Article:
Looking at similar compact gasoline cars, I'll compare to the Civic since it's the most popular car in the size class, expensive (helps the LEAF out in the comparison), and gets about average gas mileage for the class. 25 city, 36 highway, call it 30 MPG average. Costs $16,255. Over 80,000 miles it will burn 2667 gallons, which at $3 gal will cost $8000.

So @ 80k miles, the LEAF has cost you $32,780 + $3686.40 = $36,466. The Civic has cost you $16255 + $9600 = $25,855. It's only after you factor in the $7500 federal tax credit, a $1500 state tax credit, and factor in $3000 for maintenance costs on the Civic that the break-even point is at 80k miles.

Without any tax credits, if you figure 15,000 miles per year and $600 maintenance per year, the purely flat economic break-even point is after 11.7 years, or 176,000 miles.

RE: Both are primitive tech
By greveeghesduiff on 8/9/2010 10:58:40 PM , Rating: 2
supposed to have a 42 kWh battery pack

It has a 24 kWh battery pack.

If the car has a 100 mile range on a 24kWh pack then it gets 240 Wh/Mile.

If you have the national average $0.10/kWh electricity, then
100,000 miles * 240 Wh/mile == $2,400 for 100,000 miles of driving.

The Civic cost $10,000 for 100,000 miles at 30 MPG and $3.00, for only the gas.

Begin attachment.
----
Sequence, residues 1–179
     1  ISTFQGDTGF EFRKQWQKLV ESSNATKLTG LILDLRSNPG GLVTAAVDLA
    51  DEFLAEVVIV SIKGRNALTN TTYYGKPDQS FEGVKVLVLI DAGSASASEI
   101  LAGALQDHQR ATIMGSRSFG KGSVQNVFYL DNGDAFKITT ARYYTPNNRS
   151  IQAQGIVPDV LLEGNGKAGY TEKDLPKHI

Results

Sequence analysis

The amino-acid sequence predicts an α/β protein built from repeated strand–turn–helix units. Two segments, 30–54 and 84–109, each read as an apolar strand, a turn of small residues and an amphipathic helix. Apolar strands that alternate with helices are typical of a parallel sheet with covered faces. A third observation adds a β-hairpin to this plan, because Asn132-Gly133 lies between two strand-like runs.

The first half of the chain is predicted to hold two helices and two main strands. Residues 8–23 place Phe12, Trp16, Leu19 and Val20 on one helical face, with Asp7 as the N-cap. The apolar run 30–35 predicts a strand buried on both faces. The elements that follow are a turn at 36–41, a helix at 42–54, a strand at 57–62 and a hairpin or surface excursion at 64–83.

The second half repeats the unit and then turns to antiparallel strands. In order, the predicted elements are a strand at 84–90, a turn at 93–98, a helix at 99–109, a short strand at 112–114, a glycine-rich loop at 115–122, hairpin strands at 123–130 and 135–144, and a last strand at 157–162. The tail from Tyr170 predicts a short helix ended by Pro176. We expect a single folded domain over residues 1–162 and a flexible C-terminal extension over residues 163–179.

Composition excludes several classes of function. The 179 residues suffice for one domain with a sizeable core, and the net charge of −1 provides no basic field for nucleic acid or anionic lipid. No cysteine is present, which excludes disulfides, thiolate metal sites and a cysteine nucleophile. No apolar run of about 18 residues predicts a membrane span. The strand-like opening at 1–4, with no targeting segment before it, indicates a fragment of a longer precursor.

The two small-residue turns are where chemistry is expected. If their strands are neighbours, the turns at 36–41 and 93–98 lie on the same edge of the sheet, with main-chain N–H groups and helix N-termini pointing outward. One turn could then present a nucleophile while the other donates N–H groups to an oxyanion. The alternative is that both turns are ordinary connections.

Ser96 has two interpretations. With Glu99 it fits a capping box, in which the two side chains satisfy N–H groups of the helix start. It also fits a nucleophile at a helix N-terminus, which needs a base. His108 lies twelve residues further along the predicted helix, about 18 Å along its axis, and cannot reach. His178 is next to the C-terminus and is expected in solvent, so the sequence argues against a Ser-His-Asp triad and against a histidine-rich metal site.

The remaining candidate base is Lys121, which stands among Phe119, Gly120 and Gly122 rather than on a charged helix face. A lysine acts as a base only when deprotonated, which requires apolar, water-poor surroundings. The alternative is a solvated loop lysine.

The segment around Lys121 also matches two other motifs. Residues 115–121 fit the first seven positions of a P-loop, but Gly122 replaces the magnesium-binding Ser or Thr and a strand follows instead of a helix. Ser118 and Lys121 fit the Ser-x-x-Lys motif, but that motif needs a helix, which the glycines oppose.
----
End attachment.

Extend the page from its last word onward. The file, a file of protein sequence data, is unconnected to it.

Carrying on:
Several places put the sticker price for a 2010 Civic (standard) is ~$22k (only $3k less then the Leaf).

Plus after all of that, you end up driving a Civic. :)

RE: Both are primitive tech
By Solandri on 8/10/2010 7:09:48 AM , Rating: 2
Thanks for the correction on the battery pack size. But that doesn't change my cost calculations. Charging a battery is hardly a 100% efficient process, especially if you want to do so reasonably quickly. The charger specs I got are from the manufacturer's website, which seems pretty authoritative:
A: It takes about ~30 minutes to 80% at a 480 volt quick-charge station. Starting from a depleted battery, ~8 hours at 220/240V (depending on amperage), about 20 hours at 110/120V.
A: It will charge on a regular 110/120V 20-Amp dedicated outlet. This is considered a "trickle charge," which means it would charge at a slower rate. For home charging, we recommend a home charging dock on a dedicated 220/240V, 40A circuit.

240 V @ 40 A for 8 hours is 76.8 kWh to charge the battery pack, not 24 kWh.

The price I used for the Honda Civic was the MSRP for the 2010 base model with automatic transmission. I wasn't able to find any info on the LEAF's trim models, so I assumed they followed the standard in the automotive industry and gave the lowest price of the lowest trim model.

RE: Both are primitive tech
By corduroygt on 8/10/2010 4:13:25 PM , Rating: 2